The origami test gets better, because there is a second stage. In phase two, we recruited a new group of novice builders and removed several key details in the instructions, making the task of folding the animals near impossible. The results were even worse than in phase one – many of the folded creations bore not even a passing resemblance to the animal they were supposed to represent. And indeed the buyers did not see much value in these crumpled creations. You might expect, then, the builders’ pricing of their own creations to fall. But it rose. The Ikea effect again got the better of our builders – the fact that they had spent even longer trying to make the animals led them to place a higher value upon them. The fact that their creations were of woefully low quality was a minor consideration.
But this was not the end of it. We also wondered whether the builders realized that they loved their origami more than the buyers did: that others looked at their creations from a different perspective. What we found was, no, they did not. They assumed that everyone would see the beauty in their crumpled pieces of paper. This is the egocentric bias – the phenomenon that leads small children to believe that when they shut their eyes no-one can see them. And it is alive and kicking in adults.
The ideas factor
Our fondness for our own creations extends well beyond physical products. Ideas, too, are owned – indeed the evidence suggests that they command even more powerful ownership than products. During a fascinating series of experiments by Vivian Li, Alex Shaw and Kristina Olson, four-year-olds were handed two identical sets of craft materials – five paper shapes and two cotton balls that could be glued together. Li, Shaw and Olson told the children that they could think of an idea for a picture then tell the experimenters how to put the pieces together to construct it. In stage two of the experiment, the children and the experimenters reversed roles. The experimenters now gave the children their picture idea, and the children made it.
At the end of the session, the children could pick and take home their favourite – either the one they conceived and the experimenters made; or the one the experimenters conceived and the children made. By a very large margin, the children selected the one they had conceived, not made, showing a preference for their own ideas over their own labour.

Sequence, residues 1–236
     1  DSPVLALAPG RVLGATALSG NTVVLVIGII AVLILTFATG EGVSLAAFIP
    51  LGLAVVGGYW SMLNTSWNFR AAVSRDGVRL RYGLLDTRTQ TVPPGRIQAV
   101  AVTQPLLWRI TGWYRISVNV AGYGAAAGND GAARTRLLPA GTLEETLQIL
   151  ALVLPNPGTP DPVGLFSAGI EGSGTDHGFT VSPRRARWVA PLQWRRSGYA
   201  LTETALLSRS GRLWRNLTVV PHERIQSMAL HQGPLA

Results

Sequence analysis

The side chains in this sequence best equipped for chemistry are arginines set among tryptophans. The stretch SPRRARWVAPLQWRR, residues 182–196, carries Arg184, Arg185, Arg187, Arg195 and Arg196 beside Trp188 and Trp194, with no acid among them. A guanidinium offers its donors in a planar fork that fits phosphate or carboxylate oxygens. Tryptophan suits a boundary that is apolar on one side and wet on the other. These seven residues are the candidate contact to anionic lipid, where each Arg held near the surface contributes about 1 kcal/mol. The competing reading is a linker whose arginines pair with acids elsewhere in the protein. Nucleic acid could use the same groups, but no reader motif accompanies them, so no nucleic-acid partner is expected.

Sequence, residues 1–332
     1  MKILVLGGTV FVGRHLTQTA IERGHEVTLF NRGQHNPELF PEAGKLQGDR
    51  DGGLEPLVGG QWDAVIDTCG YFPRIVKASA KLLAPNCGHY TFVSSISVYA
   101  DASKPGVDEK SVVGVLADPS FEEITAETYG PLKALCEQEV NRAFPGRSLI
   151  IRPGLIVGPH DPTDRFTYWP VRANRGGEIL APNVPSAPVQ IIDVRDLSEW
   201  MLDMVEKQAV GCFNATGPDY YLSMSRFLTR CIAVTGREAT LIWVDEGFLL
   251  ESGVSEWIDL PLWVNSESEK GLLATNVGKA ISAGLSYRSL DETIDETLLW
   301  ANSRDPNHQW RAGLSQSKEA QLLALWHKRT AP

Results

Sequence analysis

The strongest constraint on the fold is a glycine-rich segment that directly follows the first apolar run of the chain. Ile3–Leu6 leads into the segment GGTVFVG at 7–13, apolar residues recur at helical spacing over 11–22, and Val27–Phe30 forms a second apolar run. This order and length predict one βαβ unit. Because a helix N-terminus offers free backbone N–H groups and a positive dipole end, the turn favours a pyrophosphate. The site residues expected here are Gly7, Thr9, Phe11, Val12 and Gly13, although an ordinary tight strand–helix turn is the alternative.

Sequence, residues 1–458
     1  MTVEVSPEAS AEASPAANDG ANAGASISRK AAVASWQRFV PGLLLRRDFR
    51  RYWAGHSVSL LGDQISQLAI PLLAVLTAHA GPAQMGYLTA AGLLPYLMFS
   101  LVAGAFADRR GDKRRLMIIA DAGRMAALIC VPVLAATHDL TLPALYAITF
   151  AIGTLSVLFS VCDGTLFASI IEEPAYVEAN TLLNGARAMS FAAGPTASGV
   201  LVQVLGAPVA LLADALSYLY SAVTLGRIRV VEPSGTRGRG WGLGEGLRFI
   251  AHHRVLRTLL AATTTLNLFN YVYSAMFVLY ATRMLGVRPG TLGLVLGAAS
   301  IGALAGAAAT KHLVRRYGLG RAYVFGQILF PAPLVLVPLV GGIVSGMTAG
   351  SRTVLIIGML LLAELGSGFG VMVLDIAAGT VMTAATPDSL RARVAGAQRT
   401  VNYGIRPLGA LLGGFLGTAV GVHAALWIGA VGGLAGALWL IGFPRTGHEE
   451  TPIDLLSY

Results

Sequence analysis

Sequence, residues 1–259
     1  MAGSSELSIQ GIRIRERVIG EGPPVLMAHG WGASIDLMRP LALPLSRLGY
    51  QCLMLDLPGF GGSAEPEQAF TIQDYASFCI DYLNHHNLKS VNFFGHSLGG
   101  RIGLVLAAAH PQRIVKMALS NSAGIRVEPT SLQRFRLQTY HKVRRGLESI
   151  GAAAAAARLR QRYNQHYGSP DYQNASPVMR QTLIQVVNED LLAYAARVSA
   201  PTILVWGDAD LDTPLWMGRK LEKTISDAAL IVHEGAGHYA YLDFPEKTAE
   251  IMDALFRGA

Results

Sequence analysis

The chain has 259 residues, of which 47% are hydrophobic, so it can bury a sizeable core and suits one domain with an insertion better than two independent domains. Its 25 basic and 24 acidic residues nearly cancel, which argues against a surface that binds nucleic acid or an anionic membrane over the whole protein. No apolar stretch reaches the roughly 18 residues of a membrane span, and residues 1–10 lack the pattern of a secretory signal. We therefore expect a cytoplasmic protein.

The creating consumer
Companies have a great opportunity to harness the power of the Ikea effect as a powerful motivator for purchasing and long-term loyalty.
Henry Ford – the man who told his customers they could have “any colour as long as it’s black” – wouldn’t succeed today. Twenty-first-century customers want to customize everything. Modern-day carmakers let buyers pick not only the paint job of their car, but also the interior layout, the number of cup holders and the wheel trims. To twist Ford’s words to the present day: “You can have any colour you like, wherever you like, as long as you pay for it.”
Sportswear giant Nike lets customers customize the colour of its shoes, laces and linings. Zazzle allows consumers to customize garments and greeting cards to make them feel like they have created them themselves. Airbnb is rapidly replacing the package holiday. Vacations self-crafted by selecting your own accommodation are becoming ever more popular. Each trip is unique to the consumer that arranges it.
Even products as basic as children’s sweets aren’t impervious to the customization revolution: Chocomize lets you design your own candy bar; M&M’s let you choose your own colour mix. That all M&M colours taste exactly the same is testament to how customization – even for its own sake – is a persuasive force in purchasing decisions.
Yet to assume that customization is trivial and frivolous, is wrong. We might choose more red M&M’s over yellow merely because we prefer the colour. But because we have been able to ‘create’ our own bag of sweets means we are more likely to enjoy eating them. In the same way, customizing a pair of Nike trainers means we are more likely to enjoy running in them – despite the fact that they are technically identical to a similar pair of any other colour.
The customization revolution holds a huge opportunity – and threat – for companies. The rapid development of 3D printing means consumers will soon be able to not only design, but also manufacture their own products. Companies should think carefully how they might exploit this trend – the answer is likely to be in making that process easier, through better machines, plans, base-model kits and tuition.
There is historical precedent: the rapid rise in the 1980s of DIY giants, such as The Home Depot in the US and the UK’s B&Q, tapped into a similar motivation among consumers to shape their own world. Homemade or home-built products may often be inferior to professionally constructed items. But, like me and my Ikea drawers, or my novice builders and their origami frogs, consumers will apportion greater value to them because they made them. The Ikea effect can make more firms successful – not just Ikea.
— This article is based on ideas within Professor Dan Ariely’s new book Payoff: The Hidden Logic That Shapes Our Motivations, Simon and Schuster.
An adapted version of this article appeared on the Dialogue Review website.